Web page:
McCains Foods and Simplot have blamed the ever powerful Aussie dollar and the threat of cheap imports for their drop in profits leading to a reduction in renewed supplier contracts and the possible closure of two processing plants respectively.
But is the problem really the fact that we have sold the majority of our major food companies to the foreign entities who make production decisions in boardrooms around the globe?
AUSBUY poses a good argument… Below is a statement they released this morning:
Stop whinging – we have done this to ourselves!!! Simplot (USA) has been a relatively benign foreign investor since it bought many of the brands and factories formerly owned by the Australia Public Company in the mid 1990s (Edgells).
Likewise we thought McCains (Canada) was here to stay. Will they follow the Heinz example to set up in New Zealand and sell back to us? Decisions are now made overseas about the closure of factories.
We have been complicit in the decline of our food manufacturing in Australia. Over the past three decades we have allowed majority control beyond the farm gate of every major food commodity except rice.
The Australian Consumer and Competition Commission has overseen the loss of control to overseas interests and retailers in the name of competitiveness, while our farmers and our local manufacturers are expected to play to a different set of rules to their competitors.
While we claim food manufacturing is the largest manufacturing sector we have remaining, Australia has no major food companies. Decisions about our manufacturing are made in overseas board rooms, not here.
Other countries look after their own. New Zealand has the largest dairy company in the world, Fonterra. New Zealand obtained an amendment under the WTO rules to stop imports which impact their strategic industries. New Zealand stopped the sale of eight dairy farms to the Chinese last year because it did not meet the national interest test.
Its government cannot divest assets which are their for the long term interest of its citizens. Australians have no rights. Countries such as the USA strictly control manufactured goods through labelling law compliance. They decide what products will be sold in the USA.
Despite the warning signs, Australian decision makers turned a blind eye. Foreign investment at any cost has been the call cry! And our people are bearing the consequences! In recent years we have condoned the importation of packaged foods and fresh produce which does not meet our standards.
Dumping is rife! Our labelling laws are inadequate. We have under resourced our gate keepers AQIS, Bio Security Australia and Australian Standards. In recent years, aided by our high A$, our open door policy to imports, and our largess and benevolence to help developing countries, we have imported foods in direct competition with own farmers and their skills. Our borders are not secure. Imports are coming from countries with labels which do not meet our standards, are replacing local producers on the shelf.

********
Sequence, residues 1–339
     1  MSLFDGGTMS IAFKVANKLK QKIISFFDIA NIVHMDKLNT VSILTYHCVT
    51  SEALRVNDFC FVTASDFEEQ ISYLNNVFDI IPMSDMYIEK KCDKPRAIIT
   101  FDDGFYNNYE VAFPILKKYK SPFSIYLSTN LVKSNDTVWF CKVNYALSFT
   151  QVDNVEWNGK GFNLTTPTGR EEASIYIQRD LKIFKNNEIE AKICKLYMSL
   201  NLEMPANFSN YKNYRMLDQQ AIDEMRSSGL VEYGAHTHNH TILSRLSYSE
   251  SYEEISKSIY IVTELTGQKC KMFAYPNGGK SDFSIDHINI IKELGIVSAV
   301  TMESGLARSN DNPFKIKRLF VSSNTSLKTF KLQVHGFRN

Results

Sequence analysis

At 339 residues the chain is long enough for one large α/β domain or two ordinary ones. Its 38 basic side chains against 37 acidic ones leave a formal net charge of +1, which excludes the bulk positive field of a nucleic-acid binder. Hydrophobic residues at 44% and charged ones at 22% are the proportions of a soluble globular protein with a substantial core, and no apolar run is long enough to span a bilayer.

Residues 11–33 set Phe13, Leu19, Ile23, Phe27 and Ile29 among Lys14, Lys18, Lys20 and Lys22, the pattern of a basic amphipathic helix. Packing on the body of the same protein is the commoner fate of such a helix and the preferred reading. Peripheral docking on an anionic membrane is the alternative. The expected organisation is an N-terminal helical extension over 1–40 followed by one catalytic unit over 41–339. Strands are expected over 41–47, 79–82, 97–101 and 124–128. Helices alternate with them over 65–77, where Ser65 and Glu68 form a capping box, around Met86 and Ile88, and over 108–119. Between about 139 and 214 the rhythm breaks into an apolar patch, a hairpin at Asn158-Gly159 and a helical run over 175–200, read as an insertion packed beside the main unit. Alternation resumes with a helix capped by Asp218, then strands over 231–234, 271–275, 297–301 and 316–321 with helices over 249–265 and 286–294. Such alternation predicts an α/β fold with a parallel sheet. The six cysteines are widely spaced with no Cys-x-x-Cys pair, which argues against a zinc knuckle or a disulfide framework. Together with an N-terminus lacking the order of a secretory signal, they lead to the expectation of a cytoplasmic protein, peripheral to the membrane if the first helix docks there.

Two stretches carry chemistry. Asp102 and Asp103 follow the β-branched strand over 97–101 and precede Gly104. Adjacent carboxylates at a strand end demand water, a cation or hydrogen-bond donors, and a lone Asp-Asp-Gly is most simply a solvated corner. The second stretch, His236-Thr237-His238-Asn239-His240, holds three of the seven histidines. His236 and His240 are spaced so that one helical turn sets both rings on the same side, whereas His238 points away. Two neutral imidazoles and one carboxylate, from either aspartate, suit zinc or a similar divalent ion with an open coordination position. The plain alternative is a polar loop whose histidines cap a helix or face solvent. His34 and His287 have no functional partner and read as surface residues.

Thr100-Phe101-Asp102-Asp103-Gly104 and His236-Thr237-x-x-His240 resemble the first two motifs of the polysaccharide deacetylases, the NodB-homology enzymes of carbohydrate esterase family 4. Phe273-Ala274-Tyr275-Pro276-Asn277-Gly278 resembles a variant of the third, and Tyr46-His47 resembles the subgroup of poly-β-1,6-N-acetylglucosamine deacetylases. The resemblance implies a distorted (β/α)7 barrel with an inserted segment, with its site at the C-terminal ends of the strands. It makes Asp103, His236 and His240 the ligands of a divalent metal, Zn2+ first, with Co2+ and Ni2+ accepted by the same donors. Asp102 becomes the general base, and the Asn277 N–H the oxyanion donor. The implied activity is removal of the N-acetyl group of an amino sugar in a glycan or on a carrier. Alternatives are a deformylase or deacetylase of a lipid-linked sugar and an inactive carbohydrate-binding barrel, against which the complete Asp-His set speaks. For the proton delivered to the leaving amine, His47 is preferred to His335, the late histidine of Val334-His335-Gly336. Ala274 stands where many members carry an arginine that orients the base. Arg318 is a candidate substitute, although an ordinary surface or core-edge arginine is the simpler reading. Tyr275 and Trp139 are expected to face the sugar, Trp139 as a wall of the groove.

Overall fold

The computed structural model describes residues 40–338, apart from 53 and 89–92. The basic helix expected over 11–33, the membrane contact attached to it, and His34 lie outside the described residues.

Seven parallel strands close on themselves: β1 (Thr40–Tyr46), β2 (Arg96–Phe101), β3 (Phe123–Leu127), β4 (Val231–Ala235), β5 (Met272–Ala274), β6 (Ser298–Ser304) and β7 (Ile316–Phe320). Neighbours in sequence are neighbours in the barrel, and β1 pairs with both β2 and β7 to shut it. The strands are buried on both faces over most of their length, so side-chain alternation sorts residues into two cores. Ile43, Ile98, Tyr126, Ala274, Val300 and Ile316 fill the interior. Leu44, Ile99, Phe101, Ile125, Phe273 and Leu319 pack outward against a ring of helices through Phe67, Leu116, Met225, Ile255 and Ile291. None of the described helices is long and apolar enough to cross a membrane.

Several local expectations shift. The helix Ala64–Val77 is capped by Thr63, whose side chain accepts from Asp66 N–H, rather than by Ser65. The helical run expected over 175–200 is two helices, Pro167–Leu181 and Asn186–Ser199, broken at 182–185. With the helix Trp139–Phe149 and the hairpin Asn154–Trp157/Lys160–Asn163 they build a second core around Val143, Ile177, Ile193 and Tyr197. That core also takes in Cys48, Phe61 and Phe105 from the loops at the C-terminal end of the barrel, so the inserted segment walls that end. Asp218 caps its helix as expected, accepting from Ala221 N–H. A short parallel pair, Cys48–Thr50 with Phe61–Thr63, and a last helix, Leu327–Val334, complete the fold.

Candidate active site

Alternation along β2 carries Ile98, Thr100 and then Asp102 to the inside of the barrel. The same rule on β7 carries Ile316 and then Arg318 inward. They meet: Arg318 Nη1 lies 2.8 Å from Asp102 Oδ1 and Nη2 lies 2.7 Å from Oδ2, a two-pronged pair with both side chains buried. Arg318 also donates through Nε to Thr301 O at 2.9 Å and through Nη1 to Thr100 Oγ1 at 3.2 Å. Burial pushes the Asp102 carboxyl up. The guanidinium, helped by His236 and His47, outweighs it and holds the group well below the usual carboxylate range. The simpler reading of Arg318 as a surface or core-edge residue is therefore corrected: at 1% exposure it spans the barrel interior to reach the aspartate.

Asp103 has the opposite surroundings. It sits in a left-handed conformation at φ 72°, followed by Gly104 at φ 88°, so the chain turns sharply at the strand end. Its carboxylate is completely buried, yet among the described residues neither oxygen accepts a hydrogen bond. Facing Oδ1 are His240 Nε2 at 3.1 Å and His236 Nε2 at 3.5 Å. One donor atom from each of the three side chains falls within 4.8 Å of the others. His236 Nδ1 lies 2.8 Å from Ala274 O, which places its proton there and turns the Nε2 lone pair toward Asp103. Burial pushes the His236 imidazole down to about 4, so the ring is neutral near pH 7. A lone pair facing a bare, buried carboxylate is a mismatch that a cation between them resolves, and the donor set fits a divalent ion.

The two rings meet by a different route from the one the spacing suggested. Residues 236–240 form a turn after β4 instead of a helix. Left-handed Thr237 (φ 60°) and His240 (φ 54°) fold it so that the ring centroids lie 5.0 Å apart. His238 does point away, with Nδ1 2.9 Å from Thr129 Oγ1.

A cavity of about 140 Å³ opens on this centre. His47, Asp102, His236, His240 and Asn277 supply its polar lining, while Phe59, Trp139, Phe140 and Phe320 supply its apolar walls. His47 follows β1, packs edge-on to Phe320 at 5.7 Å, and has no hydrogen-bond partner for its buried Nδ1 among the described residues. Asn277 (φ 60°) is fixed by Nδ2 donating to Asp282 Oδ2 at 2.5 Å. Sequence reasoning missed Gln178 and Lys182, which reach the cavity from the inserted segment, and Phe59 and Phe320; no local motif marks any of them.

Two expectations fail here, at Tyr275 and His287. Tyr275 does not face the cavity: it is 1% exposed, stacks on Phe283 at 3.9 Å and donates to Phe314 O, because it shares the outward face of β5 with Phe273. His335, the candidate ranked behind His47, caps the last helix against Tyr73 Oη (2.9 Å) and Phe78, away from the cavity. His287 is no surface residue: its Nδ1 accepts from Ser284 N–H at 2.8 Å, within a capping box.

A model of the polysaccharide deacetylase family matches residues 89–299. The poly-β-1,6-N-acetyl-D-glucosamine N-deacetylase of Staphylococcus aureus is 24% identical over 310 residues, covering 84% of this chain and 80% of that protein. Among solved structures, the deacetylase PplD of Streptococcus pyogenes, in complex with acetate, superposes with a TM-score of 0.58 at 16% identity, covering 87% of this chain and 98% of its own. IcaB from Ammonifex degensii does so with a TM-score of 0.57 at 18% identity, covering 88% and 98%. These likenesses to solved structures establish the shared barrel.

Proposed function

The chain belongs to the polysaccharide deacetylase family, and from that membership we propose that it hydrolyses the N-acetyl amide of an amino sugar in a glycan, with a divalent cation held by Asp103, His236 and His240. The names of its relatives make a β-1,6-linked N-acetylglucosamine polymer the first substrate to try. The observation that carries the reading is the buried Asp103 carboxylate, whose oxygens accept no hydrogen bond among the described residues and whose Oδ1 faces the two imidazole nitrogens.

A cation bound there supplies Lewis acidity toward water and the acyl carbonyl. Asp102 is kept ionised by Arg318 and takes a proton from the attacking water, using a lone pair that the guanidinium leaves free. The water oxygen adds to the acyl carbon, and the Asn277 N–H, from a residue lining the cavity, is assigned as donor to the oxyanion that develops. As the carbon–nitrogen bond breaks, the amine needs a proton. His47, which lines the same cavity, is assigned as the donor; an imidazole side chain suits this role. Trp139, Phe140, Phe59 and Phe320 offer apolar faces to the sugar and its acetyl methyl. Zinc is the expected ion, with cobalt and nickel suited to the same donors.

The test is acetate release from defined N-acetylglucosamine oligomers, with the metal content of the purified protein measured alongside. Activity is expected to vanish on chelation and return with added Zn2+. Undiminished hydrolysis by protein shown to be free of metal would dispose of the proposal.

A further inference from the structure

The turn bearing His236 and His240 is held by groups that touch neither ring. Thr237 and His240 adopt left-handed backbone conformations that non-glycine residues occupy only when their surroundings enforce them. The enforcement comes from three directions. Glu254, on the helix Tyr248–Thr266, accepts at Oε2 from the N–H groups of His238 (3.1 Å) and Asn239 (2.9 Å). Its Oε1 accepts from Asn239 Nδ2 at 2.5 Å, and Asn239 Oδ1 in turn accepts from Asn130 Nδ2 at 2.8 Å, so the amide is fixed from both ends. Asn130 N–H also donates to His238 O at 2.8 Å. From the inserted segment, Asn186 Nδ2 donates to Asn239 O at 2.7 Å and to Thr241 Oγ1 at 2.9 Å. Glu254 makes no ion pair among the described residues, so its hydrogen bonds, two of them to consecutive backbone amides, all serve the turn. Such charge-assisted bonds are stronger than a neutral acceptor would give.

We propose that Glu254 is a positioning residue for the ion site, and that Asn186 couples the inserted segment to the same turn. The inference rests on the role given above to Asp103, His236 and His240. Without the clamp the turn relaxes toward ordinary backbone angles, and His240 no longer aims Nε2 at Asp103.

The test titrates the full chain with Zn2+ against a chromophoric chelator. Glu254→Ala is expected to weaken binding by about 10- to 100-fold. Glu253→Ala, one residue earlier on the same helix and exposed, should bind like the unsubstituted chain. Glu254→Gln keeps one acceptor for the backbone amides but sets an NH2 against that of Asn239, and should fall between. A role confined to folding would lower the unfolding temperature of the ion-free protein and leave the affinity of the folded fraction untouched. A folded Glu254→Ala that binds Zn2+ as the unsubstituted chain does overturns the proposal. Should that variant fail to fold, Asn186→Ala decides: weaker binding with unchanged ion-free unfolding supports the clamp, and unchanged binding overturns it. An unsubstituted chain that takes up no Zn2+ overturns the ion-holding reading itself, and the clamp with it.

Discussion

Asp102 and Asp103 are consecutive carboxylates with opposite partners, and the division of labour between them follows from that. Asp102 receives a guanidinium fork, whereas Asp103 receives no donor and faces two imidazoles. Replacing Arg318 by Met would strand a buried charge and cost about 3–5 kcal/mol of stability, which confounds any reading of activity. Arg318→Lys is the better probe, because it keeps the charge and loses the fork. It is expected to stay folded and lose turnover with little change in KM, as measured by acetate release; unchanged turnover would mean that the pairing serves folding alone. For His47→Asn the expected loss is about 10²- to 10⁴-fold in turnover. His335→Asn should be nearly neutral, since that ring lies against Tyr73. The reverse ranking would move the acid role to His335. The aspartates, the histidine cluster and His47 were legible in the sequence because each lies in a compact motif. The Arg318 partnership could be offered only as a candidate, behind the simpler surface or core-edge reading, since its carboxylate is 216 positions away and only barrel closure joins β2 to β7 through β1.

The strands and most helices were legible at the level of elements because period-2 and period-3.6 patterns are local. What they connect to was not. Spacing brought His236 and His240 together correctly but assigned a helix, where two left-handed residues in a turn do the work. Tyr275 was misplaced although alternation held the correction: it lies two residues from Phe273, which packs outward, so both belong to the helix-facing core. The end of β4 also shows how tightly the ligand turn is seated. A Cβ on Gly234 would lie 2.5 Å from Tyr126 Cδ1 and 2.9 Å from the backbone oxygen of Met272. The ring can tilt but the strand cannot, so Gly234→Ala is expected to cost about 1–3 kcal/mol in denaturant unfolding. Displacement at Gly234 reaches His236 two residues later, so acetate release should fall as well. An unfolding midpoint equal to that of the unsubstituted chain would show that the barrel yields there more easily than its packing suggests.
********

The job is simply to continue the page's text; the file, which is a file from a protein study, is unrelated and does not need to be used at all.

The growth of private label among the retailers has also put addition burden on our manufacturers to compete on price with overseas manufacturers if they want to keep their factories operational.
In addition, in recent years we have been net importers of food. While retailers might espouse their support for fresh produce on the shelves, imported foods are being substituted for local produce in many manufactured goods. Made in Australia does not mean it is owned here or sourced here with the current rules of 51% substantial transformation.
The problem in Australia is further exacerbated by the closures in our regional areas where produce is “value added”, creating skilled manufacturing jobs while our farming skills are retained.
The Australian owned businesses who are competing in this environment deserve our support. AUSBUY was prescient in warning of the consequences of loss of control of our wealth creating assets when it formed during the recession we had to have in 1991.
Australia’s challenge in the coming years is to rebuild our nation, get our people working productively for Australia again, and reinvesting in our future. If we cannot find answers to the questions we are asking then ask other questions. The seeds of the future are in those Australian owned companies and our farmers, many of whom have the answers. Are we listening?